One way of finding out about the past is to ask someone who knows about it. Oral history is a way of preserving the past by recording the unique life experiences of ordinary people. Oral histories capture both the memories and the voices of people as they tell their stories, and allow us to share in very personal accounts of events, places and periods from our history.
These interviews were recorded in the late 1990s with long-term residents of the Ryde area.
The aim was to establish a collection of oral history recordings that reflect the history of the district, as seen through the eyes of a wide range of long-standing local residents. The focus of the interviews is therefore people-centred rather than topic-centred. Interviews are specific in that they deal with life in the Ryde district between 1920 and 1960.
Each interview contains a fully searchable transcript with audio extracts and images. Paper-based versions of transcripts as well as original recordings and photos are available by contacting the Local Studies Librarian on 9952 8222.
Peggy talks about growing up in Eastwood during the 1920s and 1930s.
Owen reminisces about his childhood and growing up during the Depression. He talks about the dairies and market gardens in the West Ryde area.
Jean gives us an insight into a childhood in a frugal and hard-working family. She lived in Ethel Street, Eastwood during the 1920s.
Jim chats about his childhood and working in the timber industry on his grandfather's farm on the South Coast during his adolescence.
Growing up on a market garden in Cressy Road, North Ryde, Joseph shares his childhood memories of the area, the 1919 flu epidemic and the end of World War I.
Lillian describes her life as a child of English migrants and as a young married woman living in North Ryde.
Ron talks about growing up in North Ryde during the 1920s, 1930s and 1940s.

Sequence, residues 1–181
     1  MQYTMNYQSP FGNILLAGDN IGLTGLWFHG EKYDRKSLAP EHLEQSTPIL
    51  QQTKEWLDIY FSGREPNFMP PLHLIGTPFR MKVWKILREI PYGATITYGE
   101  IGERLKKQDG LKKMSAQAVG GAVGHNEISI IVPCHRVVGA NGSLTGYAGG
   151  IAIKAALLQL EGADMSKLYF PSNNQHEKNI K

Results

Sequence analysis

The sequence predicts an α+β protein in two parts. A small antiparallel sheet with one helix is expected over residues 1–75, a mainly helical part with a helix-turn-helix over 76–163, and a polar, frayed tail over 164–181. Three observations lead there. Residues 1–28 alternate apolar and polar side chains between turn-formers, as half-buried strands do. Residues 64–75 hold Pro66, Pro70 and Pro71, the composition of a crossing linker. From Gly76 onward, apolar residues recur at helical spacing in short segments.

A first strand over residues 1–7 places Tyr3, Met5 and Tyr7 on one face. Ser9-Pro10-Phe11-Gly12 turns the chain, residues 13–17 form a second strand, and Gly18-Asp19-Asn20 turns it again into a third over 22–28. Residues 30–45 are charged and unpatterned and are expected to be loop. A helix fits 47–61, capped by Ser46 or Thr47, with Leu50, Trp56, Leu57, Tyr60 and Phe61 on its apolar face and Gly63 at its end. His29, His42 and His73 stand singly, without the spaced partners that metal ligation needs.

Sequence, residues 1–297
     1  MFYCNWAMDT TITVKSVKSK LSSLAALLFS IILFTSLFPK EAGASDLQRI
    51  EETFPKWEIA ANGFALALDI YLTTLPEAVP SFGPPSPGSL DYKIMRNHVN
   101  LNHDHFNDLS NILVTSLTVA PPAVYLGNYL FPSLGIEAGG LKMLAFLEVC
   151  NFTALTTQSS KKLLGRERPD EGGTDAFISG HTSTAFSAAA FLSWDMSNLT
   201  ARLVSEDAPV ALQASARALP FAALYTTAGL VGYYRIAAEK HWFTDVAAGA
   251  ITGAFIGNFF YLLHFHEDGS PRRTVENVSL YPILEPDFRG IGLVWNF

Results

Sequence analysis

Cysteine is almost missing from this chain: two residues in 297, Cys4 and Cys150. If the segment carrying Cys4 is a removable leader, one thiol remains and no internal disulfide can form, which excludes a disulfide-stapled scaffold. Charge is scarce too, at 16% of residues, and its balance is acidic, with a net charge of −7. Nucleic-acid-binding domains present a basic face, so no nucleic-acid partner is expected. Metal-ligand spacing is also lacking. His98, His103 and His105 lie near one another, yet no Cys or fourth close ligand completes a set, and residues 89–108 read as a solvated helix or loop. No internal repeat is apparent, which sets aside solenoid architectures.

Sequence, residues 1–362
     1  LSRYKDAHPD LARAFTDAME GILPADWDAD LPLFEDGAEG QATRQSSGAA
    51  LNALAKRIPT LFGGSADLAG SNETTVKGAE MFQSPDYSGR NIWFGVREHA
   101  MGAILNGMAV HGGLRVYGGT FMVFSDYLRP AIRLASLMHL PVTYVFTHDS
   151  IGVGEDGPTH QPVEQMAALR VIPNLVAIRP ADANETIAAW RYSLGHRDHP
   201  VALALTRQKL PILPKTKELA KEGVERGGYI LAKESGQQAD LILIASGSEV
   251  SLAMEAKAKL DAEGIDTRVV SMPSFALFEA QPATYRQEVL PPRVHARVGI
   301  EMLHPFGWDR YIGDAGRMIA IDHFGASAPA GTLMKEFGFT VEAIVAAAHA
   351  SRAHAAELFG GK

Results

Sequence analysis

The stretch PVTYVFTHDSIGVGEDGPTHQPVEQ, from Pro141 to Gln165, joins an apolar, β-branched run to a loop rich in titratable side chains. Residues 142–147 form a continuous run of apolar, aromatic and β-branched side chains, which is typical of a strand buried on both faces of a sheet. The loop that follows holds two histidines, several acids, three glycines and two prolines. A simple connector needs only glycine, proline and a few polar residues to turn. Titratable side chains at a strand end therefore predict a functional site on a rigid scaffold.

Jean shares her memories of growing up in Ryde. She talks about her life as a young woman and the various social activities that she and her friends enjoyed.
Bert recalls his childhood on his parents' dairy farm in Ryde in the 1930s and 1940s.
Greta arrived from Scotland with her family in 1921 and settled in Gladesville. Her family founded the Caledonian Society in the area.
Jim describes growing up in the rural area of North Ryde during the 1930s and 1940s.
Doris talks about how her parents cleared land and built their new house.
John reminisces about his childhood and his involvement with the UAP (United Australian Party) and politics. He also talks about returning from service in the World War II.
Arthur chats about growing up in Gladesville. He recalls the period from World War I onwards and talks of local identities and their pastimes.
Rita was the Lady Mayoress of Ryde in 1951-53 and 1957. She recalls stories of her life and times.
Dorothea came to live at Ryde when she was 11 years old. Her father operated a shop.
Norm came to live in Ryde in 1913 and witnessed the changing land use of the area - from market gardens to residential and shopping areas.
Dorothy was two years old when she moved to Ryde in 1922. She describes her school days and family life and shares her memories of the local community and its development.
Ross' family arrived from Italy and worked hard on their farm in Ryde. During World War II and grew vegetables for supply to the Australian Army.
Lucy was born into an Italian family in Marsfield in 1907. Her family operated their orchard where they grew fruit trees and grape vines.
Neville describes what it was like growing up in Ryde during the Depression.
Olive grew up in the family home built by her father, an English stonemason. She tells us about her family's life in Meadowbank.
Norm recounts stories about his early life in Ryde. He shares tales about local landmarks and social activities.
Roland's family grew up in Palmyra, a home of local significance in Ryde. He tells of his life as a young adult and married man in the rapidly changing Ryde community.
Jean describes growing up in May Street, Eastwood. Her father operated the family business, Meadowsweet Jam factory, from the rear of the home.
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City of Ryde acknowledges the traditional custodians of this land, the Wallumedegal clan of the Darug nation. Council also pays respect to elders both past, present and emerging and extend that respect to other Aboriginal and Torres Strait Islander people visiting this site.
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